The blues and the bees

Ugh.  Seasonal changes and we all have minor colds.  I’m grateful that it’s not flu, believe me, but I’m still a little tired of feeling under the weather.  On the other hand, my classes are going pretty well, Entrechat is well on its way to release, and I have something of a jump on holiday gifts because I was smart enough to start knitting them over the summer.  My hat production continues, with Gabriel the next victim recipient.  Actually, he really needs a new hat, since he loses every single one I ever make for him almost as soon as he receives it (grr!) but I’m hoping for better luck this time.  He’s had his eye on the lovely Jitterbug I got from Mai’s blog contest some time back, and so I held the yarn doubled to make Stephen West’s new hat pattern, Windschief.

Not the most flattering picture of the boyo, but he looks adorable in it.  And I love the way the yarn knit up.  Jitterbug has really grown on me.  Some of the colorways are really spectacular.  I love how this one gives an overall impression of blue, but still has strong greens and reds in it.  The hat is ready just in time for hat weather, so yay!

Here’s a sneak peek at a Christmas present project, about which I shall say little. I’m just so happy with the color (Malabrigo Sock in Cote d’Azure) that I had to share.

I’m on a blue kick, as you see.  I don’t really wear blue, but I love it, and am very happy to have other people in my life who can be provided with blue things.  The above blue makes me think strongly of Japanese indigo dyed fabrics, and I am enjoying it immensely.  I’ve actually had my eye on the skein for months now, and I was lucky because no one bought it before I could get to it.  It was one of only two skeins of Sock left at the store!  How no one else came along and snapped up this beauty I will never know, but I’m very happy that I’m the one who got it.

We’ve been very busy with planting the winter garden and starting to get ourselves ready for the upcoming holidays.  I love working in the garden, even if I’m only a half-competent gardener.  There is nothing more rewarding than cooking with food you’ve grown for yourself.  Yesterday, in service of the cold Mr. Kninja and I are sharing, I made a tortilla and albondigas soup using the last of the heirloom tomatoes, and celery, cilantro, and oregano from the garden.  We have two varieties of oregano right now, as I accidentally purchased hot and spicy oregano on my first time out.  It’s very tasty, but the kids want nothing to do with it, so I had to get a second plant of the more traditional Italian variety.

I made pickles with the baby green tomatoes we harvested, but now no one wants to eat them.  They taste marvelous at first bite, but have an odd aftertaste that makes us unhappy.  I’m disappointed, especially as I finally perfected my pickle brine recipe.  (Hint: lots of vinegar.   Most kosher dill recipes I’ve found just don’t have enough for a truly sour pickle.)  However, I’m very thrilled with the plant that produced the tomatoes, and know for sure that it’s a variety I want to repeat.  They were Sun Gold cherry tomatoes, and holy moo, but that plant made some amazing fruits.  They were about the sweetest tomatoes I’ve ever had, and they came in profusion.  The color was marvelous too – a yellow that bordered on orange and sometimes crossed over.  So if you happen to be on the lookout for a good tomato variety, I’m going to put my word in for the Sun Gold.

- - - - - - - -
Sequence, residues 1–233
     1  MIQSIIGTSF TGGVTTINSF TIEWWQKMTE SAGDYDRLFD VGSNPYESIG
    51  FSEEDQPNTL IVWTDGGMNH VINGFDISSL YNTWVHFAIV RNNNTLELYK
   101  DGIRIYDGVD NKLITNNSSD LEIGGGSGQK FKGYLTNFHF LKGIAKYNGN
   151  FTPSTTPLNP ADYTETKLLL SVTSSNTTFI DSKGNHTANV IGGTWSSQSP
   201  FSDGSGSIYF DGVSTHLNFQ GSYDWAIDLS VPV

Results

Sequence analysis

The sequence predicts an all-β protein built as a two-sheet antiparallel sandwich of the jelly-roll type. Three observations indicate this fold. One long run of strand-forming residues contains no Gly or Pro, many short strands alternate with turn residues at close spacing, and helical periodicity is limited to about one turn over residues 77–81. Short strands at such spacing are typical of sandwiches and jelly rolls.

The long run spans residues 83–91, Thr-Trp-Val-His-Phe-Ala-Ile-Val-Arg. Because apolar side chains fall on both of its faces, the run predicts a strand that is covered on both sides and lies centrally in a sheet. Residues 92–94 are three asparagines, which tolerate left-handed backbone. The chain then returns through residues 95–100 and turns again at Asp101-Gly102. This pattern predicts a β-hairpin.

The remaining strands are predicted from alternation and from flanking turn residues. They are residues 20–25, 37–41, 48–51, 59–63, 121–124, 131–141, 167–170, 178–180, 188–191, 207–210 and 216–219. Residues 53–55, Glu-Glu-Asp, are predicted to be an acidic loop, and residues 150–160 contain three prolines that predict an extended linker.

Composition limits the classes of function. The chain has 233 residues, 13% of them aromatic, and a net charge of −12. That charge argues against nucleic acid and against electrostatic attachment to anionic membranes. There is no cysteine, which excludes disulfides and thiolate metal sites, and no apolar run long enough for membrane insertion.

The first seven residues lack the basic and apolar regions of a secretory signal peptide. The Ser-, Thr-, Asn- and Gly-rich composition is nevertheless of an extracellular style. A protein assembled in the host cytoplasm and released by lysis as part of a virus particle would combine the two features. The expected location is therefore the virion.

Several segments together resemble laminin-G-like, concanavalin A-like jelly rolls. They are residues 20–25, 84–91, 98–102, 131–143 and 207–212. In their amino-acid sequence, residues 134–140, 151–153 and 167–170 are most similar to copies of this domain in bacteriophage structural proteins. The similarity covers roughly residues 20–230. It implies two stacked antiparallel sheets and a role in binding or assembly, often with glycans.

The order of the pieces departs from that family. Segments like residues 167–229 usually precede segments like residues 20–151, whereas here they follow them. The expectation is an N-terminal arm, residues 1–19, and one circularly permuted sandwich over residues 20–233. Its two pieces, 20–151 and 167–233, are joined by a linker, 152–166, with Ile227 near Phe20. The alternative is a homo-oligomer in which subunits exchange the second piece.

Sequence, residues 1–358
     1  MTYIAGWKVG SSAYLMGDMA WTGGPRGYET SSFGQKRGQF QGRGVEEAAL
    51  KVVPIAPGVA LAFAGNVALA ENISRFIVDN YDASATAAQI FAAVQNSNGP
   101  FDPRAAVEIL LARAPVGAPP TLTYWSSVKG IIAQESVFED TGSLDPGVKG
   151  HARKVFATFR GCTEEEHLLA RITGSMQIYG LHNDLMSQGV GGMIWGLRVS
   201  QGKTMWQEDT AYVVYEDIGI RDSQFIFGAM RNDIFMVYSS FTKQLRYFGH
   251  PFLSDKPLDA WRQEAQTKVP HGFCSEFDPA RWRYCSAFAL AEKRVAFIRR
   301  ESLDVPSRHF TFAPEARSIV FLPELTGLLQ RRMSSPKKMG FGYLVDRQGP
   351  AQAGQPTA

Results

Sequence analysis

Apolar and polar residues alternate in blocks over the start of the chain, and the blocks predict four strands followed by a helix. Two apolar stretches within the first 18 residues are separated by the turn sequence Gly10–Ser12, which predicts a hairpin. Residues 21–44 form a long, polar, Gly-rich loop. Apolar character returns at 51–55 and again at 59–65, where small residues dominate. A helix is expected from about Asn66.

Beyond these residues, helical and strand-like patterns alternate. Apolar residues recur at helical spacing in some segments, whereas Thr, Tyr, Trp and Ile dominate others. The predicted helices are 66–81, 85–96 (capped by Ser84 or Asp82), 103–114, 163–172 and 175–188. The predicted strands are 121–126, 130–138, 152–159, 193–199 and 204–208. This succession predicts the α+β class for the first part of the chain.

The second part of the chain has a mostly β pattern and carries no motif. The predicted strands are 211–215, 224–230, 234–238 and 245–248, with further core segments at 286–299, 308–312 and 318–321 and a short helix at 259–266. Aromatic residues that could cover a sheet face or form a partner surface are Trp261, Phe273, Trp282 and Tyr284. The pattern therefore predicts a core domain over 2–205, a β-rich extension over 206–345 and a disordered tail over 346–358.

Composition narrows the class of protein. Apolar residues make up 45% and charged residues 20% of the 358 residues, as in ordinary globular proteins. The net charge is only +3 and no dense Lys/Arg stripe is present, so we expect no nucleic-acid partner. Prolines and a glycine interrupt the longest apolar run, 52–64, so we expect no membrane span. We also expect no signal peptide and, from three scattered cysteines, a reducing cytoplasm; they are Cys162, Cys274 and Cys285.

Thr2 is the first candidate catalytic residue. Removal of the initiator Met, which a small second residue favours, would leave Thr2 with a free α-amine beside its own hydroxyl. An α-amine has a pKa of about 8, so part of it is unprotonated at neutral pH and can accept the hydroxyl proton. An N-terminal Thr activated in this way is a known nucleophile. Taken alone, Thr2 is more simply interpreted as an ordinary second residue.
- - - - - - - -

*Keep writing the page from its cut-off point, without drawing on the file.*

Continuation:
We’re lucky that our climate supports a winter garden.  It’s not as profuse as summer, of course, but we’re putting in a lot of lettuces, spinach, and arugula, plus the aforementioned celery, herbs of all sorts, onions, peas, and I need to pick up a few more plants.  The artichokes have begun to replenish themselves (they are plants that love abuse – after a growing season you hack them to bits and then they rise, phoenix-like, from the debris) and the fennel is working overtime to take over the yard.  Our strawberries are an alpine variety, so they’re happily still at work, trying to produce autumn berries, and sending out runners every which way.  And then there’s my tree.

I was on a walk with Nora this summer when I saw a sign, “Free apple tree” and not being a person to look a gift apple tree in the mouth, I managed to half carry, half drag a wee potted apple tree home with me.  It was in a rather sad condition, but after some weeding and watering, it perked up pretty well.  We’ve yet to plant it, so it remains in its pot, looking small and withered, but cheerful.  It went so far as to blossom, even, though that was clearly a premature attempt at adulthood.  So there’s that, too.  The yard remains a rather sorry looking place, but I’m proud of all the work we’ve done so far.  It’s solely in our care, which is quite a privilege for apartment dwelling renters, and I truly think we’ve fixed it up considerably from the time we moved in.  It’s slow going, and we’re not the best at it, but it’s such a pleasure.

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One Response to “The blues and the bees”

  1. Rebekah Says:

    I’ve always wished I could have a winter garden, but we are too cold. Although they do grow winter wheat behind my house 🙂

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